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BOOKLET to Provide Basic Information Regarding Health Effects of Radiation (4th edition)

Conversion from Gray to Sievert

Conversion from Gray to Sievert_Figure

To calculate the effective dose that expresses the effects of radiation exposure on the whole body, it is necessary to first determine the absorbed doses of individual tissues and organs exposed. The equivalent dose (expressed in sieverts) is obtained by multiplying the absorbed doses of individual tissues and organs by their respective radiation weighting factors (WR) for taking into account the types of radiation. The value of the radiation weighting factor is larger for the types of radiation having larger effects on the human body (α-particles: 20; β-particles and γ-rays: 1).

Once the equivalent doses for individual tissues and organs exposed to radiation are determined, they are then multiplied by the respective tissue weighting factors (WT) for taking into account differences in sensitivity among organs, and the products are summed. The tissue weighting factors are for weighting the radiation sensitivity of individual tissues and organs. Any organ or tissue where radiation is likely to induce fatal cancer is given a higher factor.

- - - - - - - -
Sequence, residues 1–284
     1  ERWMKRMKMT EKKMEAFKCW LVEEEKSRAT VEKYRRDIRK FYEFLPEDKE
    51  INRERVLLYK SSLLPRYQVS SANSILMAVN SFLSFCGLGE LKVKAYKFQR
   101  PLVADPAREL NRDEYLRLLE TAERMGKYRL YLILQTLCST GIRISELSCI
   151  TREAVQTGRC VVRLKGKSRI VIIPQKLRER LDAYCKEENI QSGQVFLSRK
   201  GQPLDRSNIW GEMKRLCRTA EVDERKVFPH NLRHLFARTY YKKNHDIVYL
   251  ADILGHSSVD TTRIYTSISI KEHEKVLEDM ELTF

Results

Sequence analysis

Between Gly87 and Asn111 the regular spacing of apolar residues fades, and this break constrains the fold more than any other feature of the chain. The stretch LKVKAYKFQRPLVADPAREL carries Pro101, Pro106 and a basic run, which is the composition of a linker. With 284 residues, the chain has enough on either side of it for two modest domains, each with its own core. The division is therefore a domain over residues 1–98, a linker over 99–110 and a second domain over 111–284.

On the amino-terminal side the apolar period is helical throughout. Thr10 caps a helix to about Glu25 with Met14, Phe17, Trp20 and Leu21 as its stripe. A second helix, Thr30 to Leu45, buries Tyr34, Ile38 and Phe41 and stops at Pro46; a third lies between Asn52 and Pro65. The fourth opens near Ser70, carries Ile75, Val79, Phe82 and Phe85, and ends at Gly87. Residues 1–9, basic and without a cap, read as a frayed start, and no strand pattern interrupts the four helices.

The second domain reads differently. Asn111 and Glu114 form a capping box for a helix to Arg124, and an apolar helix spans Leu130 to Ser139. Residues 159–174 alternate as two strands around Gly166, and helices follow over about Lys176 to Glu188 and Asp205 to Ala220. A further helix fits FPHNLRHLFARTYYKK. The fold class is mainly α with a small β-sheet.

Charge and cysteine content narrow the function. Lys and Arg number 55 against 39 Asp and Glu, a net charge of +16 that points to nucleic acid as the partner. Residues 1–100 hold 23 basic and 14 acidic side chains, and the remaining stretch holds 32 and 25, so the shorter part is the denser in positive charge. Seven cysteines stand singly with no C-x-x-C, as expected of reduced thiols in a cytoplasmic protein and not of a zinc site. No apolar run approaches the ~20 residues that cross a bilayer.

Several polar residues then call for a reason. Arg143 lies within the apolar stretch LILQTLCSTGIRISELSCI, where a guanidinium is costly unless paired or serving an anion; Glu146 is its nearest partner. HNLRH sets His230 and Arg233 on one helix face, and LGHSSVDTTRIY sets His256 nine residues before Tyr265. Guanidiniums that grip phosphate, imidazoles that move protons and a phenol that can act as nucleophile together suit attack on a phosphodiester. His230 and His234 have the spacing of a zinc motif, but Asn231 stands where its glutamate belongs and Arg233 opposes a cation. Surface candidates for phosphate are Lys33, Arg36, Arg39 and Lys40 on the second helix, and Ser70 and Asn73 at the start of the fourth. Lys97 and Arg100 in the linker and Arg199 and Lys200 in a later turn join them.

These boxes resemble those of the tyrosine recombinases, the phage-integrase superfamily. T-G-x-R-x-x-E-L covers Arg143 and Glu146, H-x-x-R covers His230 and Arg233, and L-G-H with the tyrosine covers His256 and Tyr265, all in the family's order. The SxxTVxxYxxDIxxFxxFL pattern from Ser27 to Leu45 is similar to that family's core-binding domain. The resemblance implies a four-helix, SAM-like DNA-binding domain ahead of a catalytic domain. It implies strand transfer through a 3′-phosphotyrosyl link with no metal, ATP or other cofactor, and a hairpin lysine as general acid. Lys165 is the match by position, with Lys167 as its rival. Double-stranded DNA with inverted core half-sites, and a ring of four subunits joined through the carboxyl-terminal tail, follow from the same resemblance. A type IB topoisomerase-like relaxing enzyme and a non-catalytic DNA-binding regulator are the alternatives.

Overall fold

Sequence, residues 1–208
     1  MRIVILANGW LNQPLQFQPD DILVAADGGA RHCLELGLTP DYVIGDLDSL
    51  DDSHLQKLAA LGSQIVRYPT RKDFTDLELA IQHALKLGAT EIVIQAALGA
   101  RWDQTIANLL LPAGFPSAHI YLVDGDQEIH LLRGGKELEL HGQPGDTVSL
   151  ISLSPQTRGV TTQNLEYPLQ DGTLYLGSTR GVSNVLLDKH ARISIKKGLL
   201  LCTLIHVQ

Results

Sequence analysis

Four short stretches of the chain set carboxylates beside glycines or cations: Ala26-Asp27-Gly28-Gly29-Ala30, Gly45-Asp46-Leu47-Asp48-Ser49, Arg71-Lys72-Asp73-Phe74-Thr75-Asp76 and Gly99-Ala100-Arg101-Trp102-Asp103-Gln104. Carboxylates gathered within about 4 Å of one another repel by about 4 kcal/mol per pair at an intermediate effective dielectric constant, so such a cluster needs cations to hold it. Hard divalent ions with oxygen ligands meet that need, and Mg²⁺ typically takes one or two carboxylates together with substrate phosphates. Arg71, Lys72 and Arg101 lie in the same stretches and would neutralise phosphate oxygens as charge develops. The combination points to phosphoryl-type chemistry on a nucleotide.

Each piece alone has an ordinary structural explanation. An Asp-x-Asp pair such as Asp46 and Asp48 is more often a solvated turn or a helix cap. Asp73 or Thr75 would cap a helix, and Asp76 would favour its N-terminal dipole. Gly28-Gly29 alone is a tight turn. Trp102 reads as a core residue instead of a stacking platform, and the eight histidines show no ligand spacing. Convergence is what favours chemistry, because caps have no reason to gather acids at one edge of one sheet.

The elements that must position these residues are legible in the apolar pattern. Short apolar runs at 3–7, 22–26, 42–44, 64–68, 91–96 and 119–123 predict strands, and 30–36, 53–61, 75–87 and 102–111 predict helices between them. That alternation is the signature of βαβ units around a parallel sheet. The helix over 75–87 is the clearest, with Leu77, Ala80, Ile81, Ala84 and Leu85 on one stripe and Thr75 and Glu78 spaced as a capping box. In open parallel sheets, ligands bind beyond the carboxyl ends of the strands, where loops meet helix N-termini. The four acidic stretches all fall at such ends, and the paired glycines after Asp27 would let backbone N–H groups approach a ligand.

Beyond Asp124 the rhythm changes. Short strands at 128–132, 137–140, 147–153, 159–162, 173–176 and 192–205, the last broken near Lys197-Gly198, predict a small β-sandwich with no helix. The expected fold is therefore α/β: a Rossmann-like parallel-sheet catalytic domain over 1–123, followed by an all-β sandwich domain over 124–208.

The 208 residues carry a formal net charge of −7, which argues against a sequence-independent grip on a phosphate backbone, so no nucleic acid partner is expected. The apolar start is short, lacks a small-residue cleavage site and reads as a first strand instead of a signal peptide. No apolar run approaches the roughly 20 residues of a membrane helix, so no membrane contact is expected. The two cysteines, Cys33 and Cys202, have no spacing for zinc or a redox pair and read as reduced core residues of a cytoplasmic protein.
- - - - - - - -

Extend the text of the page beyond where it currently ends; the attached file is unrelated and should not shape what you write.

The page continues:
The tissue weighting factors summate to 1. Thus, the effective dose can be considered as the weighted average of the equivalent doses of all organs and tissues. Effective doses can be calculated similarly for both internal and external exposures.
(Related to p.38 of Vol. 1, “Various Factors”)

  • Included in this reference material on March 31, 2013
  • Updated on March 31, 2019
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